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Thomson remembered as ‘a thinking cricketer’

Wairarapa Cricket life member Dermot Payton remembers double international Keith Thomson, who died last Thursday aged 81, as a knowledgeable and tough cricketer.

Thomson played for Greytown and represented Wairarapa from 1978 to 1982 when he was deputy principal at Makora College [now Makoura College].

“He was quite helpful to me in a way as the captain because he was a very good cricket captain himself,” Payton said.

“He captained Canterbury and played for New Zealand, and he was a fairly knowledgeable cricket personality.

“He made a good contribution to the wellbeing of the team and the success of it while he played for us, and I found him very helpful.

“He could have come to Wairarapa and tried to own the place, but he didn’t, and he fitted in quite well.”

Thomson’s best effort for Wairarapa was 90 and 54 not out in the district’s last successful defence of the Hawke Cup against Poverty Bay in January 1979.

Thomson also coached the Wairarapa men’s representative hockey side while in the region.

Thomson first pulled on the silver fern in hockey in 1961, going on to play 28 tests over the next decade, including the 1968 Mexico City Olympics, scoring three goals in eight games.

The double international earned his international cricket test call-up in 1968 after impressing for Canterbury, the province he represented in 58 games.

Thomson scored 69 on debut in the first innings against India at Lancaster Park, Christchurch, adding 119 with captain Graham Dowling [239] in New Zealand’s total of 502 in what was New Zealand’s fourth test victory.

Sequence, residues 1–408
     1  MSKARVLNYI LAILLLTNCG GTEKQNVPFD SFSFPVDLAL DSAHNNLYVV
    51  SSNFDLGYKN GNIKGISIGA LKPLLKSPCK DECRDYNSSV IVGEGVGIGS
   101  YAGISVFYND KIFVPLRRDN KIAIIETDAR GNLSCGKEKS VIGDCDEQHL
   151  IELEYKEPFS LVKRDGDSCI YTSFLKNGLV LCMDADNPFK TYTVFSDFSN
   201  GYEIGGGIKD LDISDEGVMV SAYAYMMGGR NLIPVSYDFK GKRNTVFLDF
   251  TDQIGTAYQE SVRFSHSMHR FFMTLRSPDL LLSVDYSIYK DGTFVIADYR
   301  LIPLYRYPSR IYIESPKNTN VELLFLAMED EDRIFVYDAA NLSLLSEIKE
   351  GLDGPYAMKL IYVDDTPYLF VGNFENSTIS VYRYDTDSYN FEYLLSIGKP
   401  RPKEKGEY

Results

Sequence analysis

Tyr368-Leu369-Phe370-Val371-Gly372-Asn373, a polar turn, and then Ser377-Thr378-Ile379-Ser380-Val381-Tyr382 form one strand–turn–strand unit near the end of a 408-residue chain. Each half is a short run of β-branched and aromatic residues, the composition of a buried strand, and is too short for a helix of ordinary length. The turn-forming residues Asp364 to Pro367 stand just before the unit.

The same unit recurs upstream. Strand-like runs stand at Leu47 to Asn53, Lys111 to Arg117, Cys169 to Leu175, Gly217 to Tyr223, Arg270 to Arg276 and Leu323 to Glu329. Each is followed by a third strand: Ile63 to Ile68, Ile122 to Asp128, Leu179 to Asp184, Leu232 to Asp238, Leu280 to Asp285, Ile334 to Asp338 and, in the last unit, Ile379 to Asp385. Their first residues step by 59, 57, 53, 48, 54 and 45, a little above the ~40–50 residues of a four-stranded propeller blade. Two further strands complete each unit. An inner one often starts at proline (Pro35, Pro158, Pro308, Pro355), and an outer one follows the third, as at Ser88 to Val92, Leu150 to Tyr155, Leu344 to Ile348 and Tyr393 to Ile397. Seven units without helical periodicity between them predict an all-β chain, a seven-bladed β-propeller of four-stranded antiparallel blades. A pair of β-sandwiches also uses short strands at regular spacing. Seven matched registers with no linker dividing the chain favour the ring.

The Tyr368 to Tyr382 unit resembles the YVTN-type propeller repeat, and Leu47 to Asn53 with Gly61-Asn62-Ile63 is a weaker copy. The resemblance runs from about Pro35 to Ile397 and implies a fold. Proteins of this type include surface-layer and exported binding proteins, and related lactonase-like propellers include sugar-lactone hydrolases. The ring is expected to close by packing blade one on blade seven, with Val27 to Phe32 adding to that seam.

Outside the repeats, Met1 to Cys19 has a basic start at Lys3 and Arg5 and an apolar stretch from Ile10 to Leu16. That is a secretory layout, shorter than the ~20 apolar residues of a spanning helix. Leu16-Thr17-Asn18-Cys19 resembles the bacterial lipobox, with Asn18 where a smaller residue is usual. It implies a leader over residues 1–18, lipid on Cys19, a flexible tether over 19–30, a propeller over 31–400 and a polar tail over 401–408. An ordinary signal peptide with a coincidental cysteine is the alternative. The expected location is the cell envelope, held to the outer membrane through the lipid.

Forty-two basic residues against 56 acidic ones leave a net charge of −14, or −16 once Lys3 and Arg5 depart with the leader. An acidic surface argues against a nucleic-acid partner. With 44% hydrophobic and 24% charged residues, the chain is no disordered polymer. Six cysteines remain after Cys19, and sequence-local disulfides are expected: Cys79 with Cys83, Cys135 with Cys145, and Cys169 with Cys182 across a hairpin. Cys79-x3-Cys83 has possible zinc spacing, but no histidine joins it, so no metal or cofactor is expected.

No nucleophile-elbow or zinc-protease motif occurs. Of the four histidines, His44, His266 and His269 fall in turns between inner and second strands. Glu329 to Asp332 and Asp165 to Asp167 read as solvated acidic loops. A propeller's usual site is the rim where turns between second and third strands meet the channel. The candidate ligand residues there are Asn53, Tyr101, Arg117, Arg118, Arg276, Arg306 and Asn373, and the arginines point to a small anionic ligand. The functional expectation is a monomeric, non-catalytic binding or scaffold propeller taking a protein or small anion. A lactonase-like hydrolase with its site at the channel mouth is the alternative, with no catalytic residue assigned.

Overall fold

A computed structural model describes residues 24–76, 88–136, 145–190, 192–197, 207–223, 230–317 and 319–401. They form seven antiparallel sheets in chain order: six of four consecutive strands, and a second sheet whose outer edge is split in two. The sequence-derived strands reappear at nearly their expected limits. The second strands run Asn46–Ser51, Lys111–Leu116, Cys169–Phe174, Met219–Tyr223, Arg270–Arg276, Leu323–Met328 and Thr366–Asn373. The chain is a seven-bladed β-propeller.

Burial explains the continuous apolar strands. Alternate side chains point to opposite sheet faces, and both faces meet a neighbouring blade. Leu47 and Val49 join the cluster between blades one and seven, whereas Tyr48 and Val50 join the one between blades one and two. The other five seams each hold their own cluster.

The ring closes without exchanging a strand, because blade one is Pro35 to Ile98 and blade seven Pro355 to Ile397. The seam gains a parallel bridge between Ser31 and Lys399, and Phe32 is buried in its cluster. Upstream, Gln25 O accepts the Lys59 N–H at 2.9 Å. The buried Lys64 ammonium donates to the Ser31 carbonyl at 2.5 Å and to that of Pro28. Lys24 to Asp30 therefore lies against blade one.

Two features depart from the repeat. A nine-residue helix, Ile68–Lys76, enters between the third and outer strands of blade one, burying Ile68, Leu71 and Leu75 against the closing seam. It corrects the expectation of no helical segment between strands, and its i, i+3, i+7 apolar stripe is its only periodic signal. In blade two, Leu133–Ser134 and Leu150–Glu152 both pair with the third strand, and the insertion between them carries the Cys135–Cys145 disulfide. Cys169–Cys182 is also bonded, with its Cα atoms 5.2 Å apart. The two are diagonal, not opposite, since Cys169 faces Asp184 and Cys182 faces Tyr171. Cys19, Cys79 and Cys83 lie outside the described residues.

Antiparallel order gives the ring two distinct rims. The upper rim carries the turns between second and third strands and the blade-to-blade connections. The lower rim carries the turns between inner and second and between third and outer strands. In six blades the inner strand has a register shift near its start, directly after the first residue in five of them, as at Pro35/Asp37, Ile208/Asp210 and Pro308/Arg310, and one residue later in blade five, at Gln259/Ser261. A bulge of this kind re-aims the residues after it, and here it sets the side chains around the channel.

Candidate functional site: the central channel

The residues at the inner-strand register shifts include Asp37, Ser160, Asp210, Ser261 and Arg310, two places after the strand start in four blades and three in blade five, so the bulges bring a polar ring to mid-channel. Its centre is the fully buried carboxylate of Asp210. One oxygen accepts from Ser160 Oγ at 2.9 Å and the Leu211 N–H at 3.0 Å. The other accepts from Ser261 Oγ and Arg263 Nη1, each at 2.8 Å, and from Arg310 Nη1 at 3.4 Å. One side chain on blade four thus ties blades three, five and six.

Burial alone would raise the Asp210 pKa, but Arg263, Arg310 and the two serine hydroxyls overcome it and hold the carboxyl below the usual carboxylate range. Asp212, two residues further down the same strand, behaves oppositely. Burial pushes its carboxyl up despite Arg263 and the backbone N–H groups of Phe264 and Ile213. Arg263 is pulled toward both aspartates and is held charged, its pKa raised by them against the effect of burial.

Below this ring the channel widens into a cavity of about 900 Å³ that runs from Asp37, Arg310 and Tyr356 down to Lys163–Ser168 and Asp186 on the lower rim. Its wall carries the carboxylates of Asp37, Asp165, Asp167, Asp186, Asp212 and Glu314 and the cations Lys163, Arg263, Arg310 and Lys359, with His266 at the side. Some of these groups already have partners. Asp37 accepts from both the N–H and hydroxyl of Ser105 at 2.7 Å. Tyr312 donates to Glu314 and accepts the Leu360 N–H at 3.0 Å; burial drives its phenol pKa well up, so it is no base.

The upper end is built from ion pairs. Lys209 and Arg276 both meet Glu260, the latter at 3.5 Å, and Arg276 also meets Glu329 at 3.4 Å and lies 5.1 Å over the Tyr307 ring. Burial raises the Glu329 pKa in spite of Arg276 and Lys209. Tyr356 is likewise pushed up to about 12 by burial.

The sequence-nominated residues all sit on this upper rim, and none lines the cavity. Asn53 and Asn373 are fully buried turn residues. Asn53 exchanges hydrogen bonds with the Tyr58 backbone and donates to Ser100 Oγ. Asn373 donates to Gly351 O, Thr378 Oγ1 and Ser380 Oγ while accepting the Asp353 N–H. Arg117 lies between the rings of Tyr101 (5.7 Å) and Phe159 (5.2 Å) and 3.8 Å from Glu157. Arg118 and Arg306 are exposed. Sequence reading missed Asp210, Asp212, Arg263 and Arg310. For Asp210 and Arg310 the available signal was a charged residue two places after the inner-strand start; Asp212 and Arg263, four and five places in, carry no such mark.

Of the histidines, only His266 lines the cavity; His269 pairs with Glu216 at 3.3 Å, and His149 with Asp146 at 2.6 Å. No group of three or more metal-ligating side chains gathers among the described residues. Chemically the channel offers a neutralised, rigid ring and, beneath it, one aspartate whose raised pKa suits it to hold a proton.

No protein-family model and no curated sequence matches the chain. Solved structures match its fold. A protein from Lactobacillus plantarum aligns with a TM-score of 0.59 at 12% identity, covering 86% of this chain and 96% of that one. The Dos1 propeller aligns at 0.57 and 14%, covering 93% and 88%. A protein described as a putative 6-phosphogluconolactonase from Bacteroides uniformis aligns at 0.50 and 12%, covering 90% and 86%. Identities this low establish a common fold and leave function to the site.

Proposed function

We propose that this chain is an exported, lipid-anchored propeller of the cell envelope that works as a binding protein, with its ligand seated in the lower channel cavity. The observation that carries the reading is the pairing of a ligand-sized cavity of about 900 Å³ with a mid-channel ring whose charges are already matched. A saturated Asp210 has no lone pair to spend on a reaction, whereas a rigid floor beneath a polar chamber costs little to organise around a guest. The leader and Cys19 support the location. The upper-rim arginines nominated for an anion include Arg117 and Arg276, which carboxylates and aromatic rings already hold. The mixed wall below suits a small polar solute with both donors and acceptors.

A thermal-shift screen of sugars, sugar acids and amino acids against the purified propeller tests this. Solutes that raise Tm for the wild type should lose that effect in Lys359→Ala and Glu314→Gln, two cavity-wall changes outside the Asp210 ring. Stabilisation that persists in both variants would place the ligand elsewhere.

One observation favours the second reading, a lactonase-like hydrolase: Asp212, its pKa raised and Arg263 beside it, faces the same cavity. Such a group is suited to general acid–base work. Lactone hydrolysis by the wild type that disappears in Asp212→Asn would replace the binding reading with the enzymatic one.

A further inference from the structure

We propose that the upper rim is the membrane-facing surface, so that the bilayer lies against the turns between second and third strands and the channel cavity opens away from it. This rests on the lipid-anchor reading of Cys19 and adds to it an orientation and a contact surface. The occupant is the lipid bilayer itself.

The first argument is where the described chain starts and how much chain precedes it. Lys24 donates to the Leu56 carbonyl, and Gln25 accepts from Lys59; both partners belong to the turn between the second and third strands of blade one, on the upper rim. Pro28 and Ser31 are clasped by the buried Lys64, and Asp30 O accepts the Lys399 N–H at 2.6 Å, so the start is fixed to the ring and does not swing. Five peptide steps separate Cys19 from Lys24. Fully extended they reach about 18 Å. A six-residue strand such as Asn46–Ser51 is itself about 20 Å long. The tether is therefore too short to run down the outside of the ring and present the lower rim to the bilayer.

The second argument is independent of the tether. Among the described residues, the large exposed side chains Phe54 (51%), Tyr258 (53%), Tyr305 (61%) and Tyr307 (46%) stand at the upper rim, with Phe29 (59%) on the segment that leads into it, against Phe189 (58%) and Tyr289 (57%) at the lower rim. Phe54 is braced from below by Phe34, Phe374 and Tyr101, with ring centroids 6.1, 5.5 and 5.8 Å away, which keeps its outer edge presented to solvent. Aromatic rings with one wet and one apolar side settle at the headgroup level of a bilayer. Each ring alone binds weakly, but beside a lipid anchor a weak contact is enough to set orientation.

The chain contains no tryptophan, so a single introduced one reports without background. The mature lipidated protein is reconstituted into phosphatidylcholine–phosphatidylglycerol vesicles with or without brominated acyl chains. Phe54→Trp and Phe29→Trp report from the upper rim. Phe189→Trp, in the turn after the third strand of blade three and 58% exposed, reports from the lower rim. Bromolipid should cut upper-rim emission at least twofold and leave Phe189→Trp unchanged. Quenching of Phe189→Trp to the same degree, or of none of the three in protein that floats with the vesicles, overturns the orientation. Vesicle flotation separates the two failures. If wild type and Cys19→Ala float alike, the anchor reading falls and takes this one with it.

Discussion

His only other test was a week later, where he scored 25 and 0 in the eight-wicket loss to India at the Basin Reserve.

Thomson was noted for his unorthodox crouching stance at the batting crease and his powerful hitting.

His highest first-class score was 136 not out for Canterbury against Northern Districts in 1968-69. He was also a fine fielder and excellent close-in catcher.

After retiring from cricket, Thomson was fast-tracked as a first-class umpire and went on to stand in 13 first-class matches and 11 List A [one day] games from 1983 to 1987.

Thomson was also a New Zealand-graded hockey umpire and refereed two New Zealand internationals against Canada and India.

Chris Cogdale
Chris Cogdale
Chris “Coggie” Cogdale has extensive knowledge of sport in Wairarapa having covered it for more than 30 years, including radio for 28 years. He has been the sports guru at the Wairarapa Times-Age since 2019.

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